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  #1281  
Old 11-11-2015, 07:44 AM
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I guess I still love Di. No one is ever innocent but their are levels of accountability.

I understand her view point completely. Even with all her sly dealings. As we say in Philly: do you boo.

Well, Hewitt is responsible for his own actions. He chose to be with a married women and a royal at that. Unlike Charles, he doesn't have the protection of The Firm to insulate himself from all the backlash. Selling letters for profit or no, people will talk.
y
I don't care for the guy, but better that he make money off of them than others, you know? They are his to do with as he pleases. The boys are grown, the heir apparent with his own heir and spare now. Not much more could be revealed in a hurtful way,

Historically and from a psychological perspective we may get more nuggets about Diana. Love her, so will be interested.

We also have a saying, "get money".

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  #1282  
Old 11-11-2015, 09:11 AM
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Quote:
Originally Posted by MARG View Post
I'm sorry, but her "children" are in their 30's and nobody is saying they shouldn't mention her because she was their mother, a great and wonderful influence in their lives and they loved her.

James Hewitt loved her back then, beyond reason. He embarked on an affair with probably the one woman in the world he should not have. He risked everything and lost everything. But unlike her sons, he had been cruelly cut out of her life, he was hurt, angry and didn't really understand what had happened.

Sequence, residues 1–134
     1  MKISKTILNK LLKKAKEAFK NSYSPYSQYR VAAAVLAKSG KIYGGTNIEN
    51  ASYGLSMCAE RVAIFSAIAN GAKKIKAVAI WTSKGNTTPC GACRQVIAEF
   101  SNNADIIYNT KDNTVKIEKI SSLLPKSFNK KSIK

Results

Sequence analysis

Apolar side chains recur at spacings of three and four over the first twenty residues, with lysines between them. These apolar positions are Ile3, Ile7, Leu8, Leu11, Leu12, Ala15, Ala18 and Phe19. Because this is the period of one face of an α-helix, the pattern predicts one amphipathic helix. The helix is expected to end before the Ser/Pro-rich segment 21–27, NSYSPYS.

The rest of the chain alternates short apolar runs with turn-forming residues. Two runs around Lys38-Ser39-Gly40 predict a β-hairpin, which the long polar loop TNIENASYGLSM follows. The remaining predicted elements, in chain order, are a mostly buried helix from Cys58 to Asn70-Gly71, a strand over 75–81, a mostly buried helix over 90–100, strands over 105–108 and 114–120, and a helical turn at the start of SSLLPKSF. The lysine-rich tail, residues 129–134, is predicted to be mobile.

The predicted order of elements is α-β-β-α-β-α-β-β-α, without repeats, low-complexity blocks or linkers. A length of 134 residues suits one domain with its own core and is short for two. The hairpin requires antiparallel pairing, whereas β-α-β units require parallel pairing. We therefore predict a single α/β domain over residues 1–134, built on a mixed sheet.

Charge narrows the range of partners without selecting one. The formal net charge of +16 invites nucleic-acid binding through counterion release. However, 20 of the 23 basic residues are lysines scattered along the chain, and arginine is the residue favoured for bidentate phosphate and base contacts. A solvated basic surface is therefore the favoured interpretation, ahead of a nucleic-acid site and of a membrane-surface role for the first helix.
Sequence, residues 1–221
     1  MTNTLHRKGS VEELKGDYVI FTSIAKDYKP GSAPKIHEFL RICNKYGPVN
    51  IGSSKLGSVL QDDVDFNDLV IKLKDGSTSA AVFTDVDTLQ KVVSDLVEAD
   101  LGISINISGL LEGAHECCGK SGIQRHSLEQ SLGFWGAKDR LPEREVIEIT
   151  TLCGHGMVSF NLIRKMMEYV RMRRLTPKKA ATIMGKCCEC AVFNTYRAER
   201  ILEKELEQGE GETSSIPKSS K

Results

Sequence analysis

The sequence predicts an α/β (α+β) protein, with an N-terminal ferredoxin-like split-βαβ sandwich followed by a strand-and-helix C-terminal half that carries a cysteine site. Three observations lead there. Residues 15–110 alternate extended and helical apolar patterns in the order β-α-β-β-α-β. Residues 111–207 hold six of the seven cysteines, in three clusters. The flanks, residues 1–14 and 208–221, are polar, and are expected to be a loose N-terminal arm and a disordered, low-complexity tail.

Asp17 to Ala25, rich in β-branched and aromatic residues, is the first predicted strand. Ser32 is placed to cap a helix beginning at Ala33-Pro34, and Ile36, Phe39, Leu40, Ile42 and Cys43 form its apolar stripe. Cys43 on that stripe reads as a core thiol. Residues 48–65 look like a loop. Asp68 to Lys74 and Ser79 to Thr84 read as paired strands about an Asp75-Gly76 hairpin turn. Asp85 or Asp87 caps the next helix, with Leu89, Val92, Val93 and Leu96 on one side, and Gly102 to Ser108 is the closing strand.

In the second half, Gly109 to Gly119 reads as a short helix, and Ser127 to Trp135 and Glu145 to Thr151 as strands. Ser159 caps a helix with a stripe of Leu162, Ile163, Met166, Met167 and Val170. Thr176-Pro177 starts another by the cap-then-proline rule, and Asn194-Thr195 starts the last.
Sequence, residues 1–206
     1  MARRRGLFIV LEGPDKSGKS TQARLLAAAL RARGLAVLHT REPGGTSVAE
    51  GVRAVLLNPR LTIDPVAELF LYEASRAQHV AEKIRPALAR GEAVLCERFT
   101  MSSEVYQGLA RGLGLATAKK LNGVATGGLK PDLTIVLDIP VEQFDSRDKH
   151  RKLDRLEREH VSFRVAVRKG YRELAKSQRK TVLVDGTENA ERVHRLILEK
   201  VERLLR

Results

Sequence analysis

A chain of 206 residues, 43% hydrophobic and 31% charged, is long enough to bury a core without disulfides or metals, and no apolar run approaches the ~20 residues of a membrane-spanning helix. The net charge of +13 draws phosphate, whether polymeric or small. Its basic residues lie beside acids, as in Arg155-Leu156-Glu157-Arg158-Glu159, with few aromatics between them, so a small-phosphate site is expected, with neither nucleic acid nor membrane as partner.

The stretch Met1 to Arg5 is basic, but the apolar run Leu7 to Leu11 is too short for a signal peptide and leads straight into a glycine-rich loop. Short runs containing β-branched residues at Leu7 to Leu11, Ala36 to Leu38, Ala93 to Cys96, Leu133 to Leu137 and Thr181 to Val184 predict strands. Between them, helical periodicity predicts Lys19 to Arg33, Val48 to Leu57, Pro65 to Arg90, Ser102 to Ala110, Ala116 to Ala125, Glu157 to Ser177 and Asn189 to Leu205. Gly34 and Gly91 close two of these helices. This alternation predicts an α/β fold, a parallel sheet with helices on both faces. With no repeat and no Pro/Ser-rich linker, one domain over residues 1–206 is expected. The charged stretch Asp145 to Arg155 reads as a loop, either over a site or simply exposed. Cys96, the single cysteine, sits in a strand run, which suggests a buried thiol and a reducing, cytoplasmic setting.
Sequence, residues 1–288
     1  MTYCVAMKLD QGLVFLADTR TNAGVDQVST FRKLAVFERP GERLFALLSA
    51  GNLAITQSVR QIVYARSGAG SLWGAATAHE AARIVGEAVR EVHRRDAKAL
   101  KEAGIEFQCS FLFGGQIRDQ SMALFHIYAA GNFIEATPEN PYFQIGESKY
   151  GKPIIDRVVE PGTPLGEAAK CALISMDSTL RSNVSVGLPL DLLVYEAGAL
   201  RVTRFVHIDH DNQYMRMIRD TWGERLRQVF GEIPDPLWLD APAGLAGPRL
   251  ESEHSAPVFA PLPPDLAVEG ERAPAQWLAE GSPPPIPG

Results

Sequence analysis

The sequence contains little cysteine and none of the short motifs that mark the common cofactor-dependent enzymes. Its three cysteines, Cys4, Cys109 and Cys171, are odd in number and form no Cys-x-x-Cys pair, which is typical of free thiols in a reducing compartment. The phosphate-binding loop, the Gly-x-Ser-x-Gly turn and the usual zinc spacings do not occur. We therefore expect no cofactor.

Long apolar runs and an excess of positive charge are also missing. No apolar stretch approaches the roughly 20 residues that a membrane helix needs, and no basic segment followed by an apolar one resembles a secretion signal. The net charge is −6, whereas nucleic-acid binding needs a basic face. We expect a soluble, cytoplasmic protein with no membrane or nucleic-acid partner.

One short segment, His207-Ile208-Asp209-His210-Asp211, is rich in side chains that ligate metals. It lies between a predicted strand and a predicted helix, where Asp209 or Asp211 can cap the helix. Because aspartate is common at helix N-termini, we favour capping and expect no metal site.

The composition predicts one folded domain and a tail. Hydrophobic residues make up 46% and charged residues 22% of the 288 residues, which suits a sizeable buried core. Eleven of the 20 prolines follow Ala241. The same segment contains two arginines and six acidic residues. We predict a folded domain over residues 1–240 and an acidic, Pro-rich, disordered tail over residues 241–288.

Then came Morton's book and the Panorama Interview where she coldly threw him under a bus. People who have been hurt privately hurt alone. She shattered his life and then later, set the dogs on him and he suddenly found himself having to fight back in the full glare of the public as the media trawled and trashed his life. Life as he knew it was over and if he has had a less than sterling career he can hardly be blamed for looking at that time in his life very differently from her sons.

Diana was not a saint and Hewitt is not the Devil. Diana died and James lives on, forever branded as a 'Cad'. To say that you"find it low down for James Hewitt to continue to profit off of an affair he had many, many years ago, which was due to a very painful time in her life" laying the blame for the affair itself on Hewitt is a crock.